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Arthur Louis Cludas, M. D. The medical profession in Ottawa County had no better representative than Dr. Arthur Louis Cludas, who for the last eighteen years had been established at Minneapolis and through professional knowledge and skill and high personal character had became representative of the city’s best citizenship. Doctor Cludas was born at Vinton, Iowa, November 3, 1872, and is a son of William and Belle (Gatka) Cludas.
William Cludas was born at Berlin, Germany, in 1833 and there his parents both died. He was educated in Berlin and at Heidelberg University, served, as did his father, in the regular army, and in 1852 came to the United States. He located in the City of Chicago, Illinos, where he was engaged in the shoe business until 1882, in which year he came to McPherson County, Kansas, where he engaged in farming until he retired. Then, in 1904, he moved to Portland, Oregon, and there his death took place in January, 1917. He married Belle Gatka, who was born in France in 1843 and resided at Portland. Of their family of eight children Doctor Cludas was the fifth in order of birth, the others being as follows: Charles, who is a real estate broker, resided at Phoenix, Arizona; Ida is the wife of M. H. Wright, who is in the real estate business in Arkansas; Minnie is the wife of W. W. Webster, who owned a garage at Canton, Kansas; Frank is a farmer and in the real estate business at Buhl, Idaho; Bertha is the wife of L. C. Heim, who is the editor and publisher of a newspaper at Marine, Illinois; Harry is a resident of Clinton, Oklahoma; and Addie is the wife of Alexander Ehrich, residing at Portland, Oregon.
Arthur Louis Cludas attended the public schools in Chicago, Illinois, and was graduated from a high school there in 1890, when he joined his parents, who had moved previously to Inman, Kansas. He went into the newspaper business there and published a paper for several years at that point, in the meanwhile, however, proceeding with his medical education. He attended the College of Physicians and Surgeons of Chicago in 1891 and 1892 and then entered the Keokuk Medical College at Keokuk, Iowa, where he was graduated with his medical degree in 1895. Doctor Cludas is one of the modern type of physician and surgeon who believes that as long as there are new discoveries in his profession he must continue to study and at various times had taken post graduate courses, in 1906 attending the Post Graduate Medical School and Hospital of Chicago, and in 1904 having taken a course in the Philadelphia Post Graduate School.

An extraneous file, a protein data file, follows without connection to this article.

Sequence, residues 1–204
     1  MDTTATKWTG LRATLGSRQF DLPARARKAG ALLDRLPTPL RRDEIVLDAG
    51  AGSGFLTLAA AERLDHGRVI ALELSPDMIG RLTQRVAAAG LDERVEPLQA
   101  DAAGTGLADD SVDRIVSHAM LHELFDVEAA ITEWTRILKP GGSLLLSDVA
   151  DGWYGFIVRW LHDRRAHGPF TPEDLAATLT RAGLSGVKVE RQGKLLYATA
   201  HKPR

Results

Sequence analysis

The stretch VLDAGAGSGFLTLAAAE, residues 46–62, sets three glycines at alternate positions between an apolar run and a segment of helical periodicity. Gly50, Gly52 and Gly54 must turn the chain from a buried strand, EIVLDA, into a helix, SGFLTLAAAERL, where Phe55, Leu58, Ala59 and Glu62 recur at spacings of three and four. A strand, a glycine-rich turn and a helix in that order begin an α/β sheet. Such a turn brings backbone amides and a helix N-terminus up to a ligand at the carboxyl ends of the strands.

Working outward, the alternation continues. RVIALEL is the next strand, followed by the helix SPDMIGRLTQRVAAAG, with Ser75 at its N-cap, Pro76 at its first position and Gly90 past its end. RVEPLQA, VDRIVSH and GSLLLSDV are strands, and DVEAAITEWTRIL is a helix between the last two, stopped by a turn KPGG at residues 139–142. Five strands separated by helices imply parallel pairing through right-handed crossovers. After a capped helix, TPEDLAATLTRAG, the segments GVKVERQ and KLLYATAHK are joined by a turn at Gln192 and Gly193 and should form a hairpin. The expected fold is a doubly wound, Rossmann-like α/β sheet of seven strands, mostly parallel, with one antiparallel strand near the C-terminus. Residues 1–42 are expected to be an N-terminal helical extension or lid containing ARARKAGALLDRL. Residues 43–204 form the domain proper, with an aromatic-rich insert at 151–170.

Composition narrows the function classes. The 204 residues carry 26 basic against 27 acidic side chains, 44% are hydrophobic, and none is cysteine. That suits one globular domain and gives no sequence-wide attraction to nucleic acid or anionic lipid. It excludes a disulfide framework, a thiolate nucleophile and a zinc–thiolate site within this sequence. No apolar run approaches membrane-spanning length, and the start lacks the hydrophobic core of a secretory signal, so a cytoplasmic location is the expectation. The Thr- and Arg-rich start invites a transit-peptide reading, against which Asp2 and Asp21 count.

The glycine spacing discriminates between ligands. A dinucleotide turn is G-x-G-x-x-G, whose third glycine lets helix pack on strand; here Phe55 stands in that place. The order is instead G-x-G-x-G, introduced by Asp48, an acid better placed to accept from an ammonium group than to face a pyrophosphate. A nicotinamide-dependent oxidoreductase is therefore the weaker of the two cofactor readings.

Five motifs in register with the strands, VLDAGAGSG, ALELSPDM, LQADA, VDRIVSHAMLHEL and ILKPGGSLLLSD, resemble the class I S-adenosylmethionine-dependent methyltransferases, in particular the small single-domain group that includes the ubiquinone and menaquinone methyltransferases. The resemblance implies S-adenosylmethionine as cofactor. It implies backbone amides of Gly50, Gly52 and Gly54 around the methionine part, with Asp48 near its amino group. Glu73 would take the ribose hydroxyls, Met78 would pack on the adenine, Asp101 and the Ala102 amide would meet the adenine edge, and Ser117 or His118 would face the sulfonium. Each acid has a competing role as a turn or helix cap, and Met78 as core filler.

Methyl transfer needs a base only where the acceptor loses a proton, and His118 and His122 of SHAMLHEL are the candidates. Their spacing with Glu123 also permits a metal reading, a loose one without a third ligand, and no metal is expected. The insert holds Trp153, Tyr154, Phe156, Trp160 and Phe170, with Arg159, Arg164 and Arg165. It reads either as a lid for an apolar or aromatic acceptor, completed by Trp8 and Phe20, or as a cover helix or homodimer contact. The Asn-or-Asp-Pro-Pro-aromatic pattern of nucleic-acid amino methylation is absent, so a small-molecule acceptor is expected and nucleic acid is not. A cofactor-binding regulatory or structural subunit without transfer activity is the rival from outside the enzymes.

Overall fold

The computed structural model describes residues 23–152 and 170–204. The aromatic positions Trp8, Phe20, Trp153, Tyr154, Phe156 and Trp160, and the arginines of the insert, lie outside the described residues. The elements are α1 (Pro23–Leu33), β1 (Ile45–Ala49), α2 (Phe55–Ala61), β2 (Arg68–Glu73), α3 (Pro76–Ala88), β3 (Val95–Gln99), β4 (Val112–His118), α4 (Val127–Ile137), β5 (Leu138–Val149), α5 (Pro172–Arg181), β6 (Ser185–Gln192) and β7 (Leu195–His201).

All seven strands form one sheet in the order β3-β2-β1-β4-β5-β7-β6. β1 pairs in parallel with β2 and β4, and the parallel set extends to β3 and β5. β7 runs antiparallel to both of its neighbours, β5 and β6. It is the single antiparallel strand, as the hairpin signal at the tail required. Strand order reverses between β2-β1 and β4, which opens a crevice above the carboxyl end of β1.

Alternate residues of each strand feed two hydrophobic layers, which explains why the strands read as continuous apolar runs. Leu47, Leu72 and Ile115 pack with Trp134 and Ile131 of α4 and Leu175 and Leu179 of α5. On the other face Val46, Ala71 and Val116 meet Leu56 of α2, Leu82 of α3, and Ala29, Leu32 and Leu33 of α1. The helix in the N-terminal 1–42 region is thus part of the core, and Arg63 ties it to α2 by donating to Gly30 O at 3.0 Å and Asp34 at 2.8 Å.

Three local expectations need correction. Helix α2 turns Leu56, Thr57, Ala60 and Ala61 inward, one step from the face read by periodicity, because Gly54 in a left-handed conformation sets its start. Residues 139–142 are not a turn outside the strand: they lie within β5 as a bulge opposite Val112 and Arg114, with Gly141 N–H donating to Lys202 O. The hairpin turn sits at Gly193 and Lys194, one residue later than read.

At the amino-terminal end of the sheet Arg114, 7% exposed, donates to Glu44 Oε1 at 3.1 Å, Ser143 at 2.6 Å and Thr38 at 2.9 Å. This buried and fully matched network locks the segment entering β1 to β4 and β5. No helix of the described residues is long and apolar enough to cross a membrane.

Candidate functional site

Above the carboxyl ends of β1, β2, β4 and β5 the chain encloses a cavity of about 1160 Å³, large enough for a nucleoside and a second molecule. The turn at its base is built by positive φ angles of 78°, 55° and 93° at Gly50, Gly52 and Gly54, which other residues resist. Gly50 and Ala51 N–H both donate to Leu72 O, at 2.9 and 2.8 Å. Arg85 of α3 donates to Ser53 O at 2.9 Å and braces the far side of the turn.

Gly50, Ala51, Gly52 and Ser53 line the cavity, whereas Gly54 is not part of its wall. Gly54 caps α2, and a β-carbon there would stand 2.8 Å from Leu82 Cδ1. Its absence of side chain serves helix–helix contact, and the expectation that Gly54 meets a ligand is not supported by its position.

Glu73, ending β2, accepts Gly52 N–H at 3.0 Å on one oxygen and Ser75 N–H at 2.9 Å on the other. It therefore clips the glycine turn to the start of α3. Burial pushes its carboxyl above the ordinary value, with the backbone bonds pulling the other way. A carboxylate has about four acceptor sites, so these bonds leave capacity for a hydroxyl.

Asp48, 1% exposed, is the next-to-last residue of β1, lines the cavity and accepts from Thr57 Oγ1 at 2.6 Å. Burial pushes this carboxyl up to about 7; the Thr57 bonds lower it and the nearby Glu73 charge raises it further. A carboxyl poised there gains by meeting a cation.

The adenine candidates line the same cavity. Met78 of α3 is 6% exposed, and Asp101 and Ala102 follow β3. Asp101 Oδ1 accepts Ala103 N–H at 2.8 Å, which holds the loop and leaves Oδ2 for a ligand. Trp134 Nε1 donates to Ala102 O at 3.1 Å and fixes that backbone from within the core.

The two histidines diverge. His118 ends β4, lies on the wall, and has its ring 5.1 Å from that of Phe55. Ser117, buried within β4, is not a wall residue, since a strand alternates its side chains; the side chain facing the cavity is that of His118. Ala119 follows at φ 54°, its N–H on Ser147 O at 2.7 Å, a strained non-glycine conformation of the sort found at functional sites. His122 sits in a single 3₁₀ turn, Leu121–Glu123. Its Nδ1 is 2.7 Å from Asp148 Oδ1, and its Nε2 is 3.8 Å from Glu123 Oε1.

Before establishing himself in practice at Minneapolis, Kansas, in 1899, Doctor Cludas had been in practice for two years at Trescott, Kansas, and one year at Salina, being quite successful at both points but not finding at either place the exact field of opportunity that Minneapolis gives him. He had a large and substantial practice here and maintains his offices in the Ottawa County Bank Building. He had served three terms as county physician of Ottawa County. Doctor Cludas keeps fully abreast of the times in medical thought, being a member of the county and state medical societies and of the American Medical Association.
At Newton, Kansas, in May, 1895, Doctor Cludas was married to Miss Nella Brentano, who is a daughter of William and Sarah Brentano, the former of whom is now deceased. Formerly he was sheriff of McPherson County, Kansas. Mrs. Brentano resided with Doctor and Mrs. Cludas. They have had two sons, Averill B. and Arthur L., the latter of whom died in infancy. The former, Averill B. Cludas, was born June 5, 1896, attended the public schools and was graduated from the high school, subsequently spending two years in the Kansas University. At present he is reflecting credit on his parents and country as a member of the United States Navy.
In politics Doctor Cludas is a republican. He is identified with a number of fraternal bodies, being a member of Minneapolis Lodge No. 143, Ancient Free and Accepted Masons; the Knights of Pythias at Minneapolis; the Good Templars at Salina, Kansas; the Sons and Daughters of Justice; and the Fraternal Aid Union. With other moral agencies, Doctor Cludas gives support to the Methodist Episcopal Church, of which he had long been a member and at one time served on the board of trustees. He owned his comfortable residence on Second Street and Rothsay Avenue.
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